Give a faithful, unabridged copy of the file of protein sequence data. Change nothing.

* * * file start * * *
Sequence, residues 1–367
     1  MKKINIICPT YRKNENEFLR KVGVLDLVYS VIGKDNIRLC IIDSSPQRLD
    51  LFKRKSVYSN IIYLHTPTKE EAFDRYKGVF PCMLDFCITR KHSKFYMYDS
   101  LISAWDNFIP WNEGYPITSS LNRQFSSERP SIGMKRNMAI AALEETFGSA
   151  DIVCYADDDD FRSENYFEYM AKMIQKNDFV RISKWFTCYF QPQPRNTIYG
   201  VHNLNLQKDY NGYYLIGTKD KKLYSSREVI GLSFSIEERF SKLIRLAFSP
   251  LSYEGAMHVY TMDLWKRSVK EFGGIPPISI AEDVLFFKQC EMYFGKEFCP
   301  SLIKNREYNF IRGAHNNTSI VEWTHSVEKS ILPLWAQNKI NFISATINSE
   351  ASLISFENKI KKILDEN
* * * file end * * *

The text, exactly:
Sequence, residues 1–367
     1  MKKINIICPT YRKNENEFLR KVGVLDLVYS VIGKDNIRLC IIDSSPQRLD
    51  LFKRKSVYSN IIYLHTPTKE EAFDRYKGVF PCMLDFCITR KHSKFYMYDS
   101  LISAWDNFIP WNEGYPITSS LNRQFSSERP SIGMKRNMAI AALEETFGSA
   151  DIVCYADDDD FRSENYFEYM AKMIQKNDFV RISKWFTCYF QPQPRNTIYG
   201  VHNLNLQKDY NGYYLIGTKD KKLYSSREVI GLSFSIEERF SKLIRLAFSP
   251  LSYEGAMHVY TMDLWKRSVK EFGGIPPISI AEDVLFFKQC EMYFGKEFCP
   301  SLIKNREYNF IRGAHNNTSI VEWTHSVEKS ILPLWAQNKI NFISATINSE
   351  ASLISFENKI KKILDEN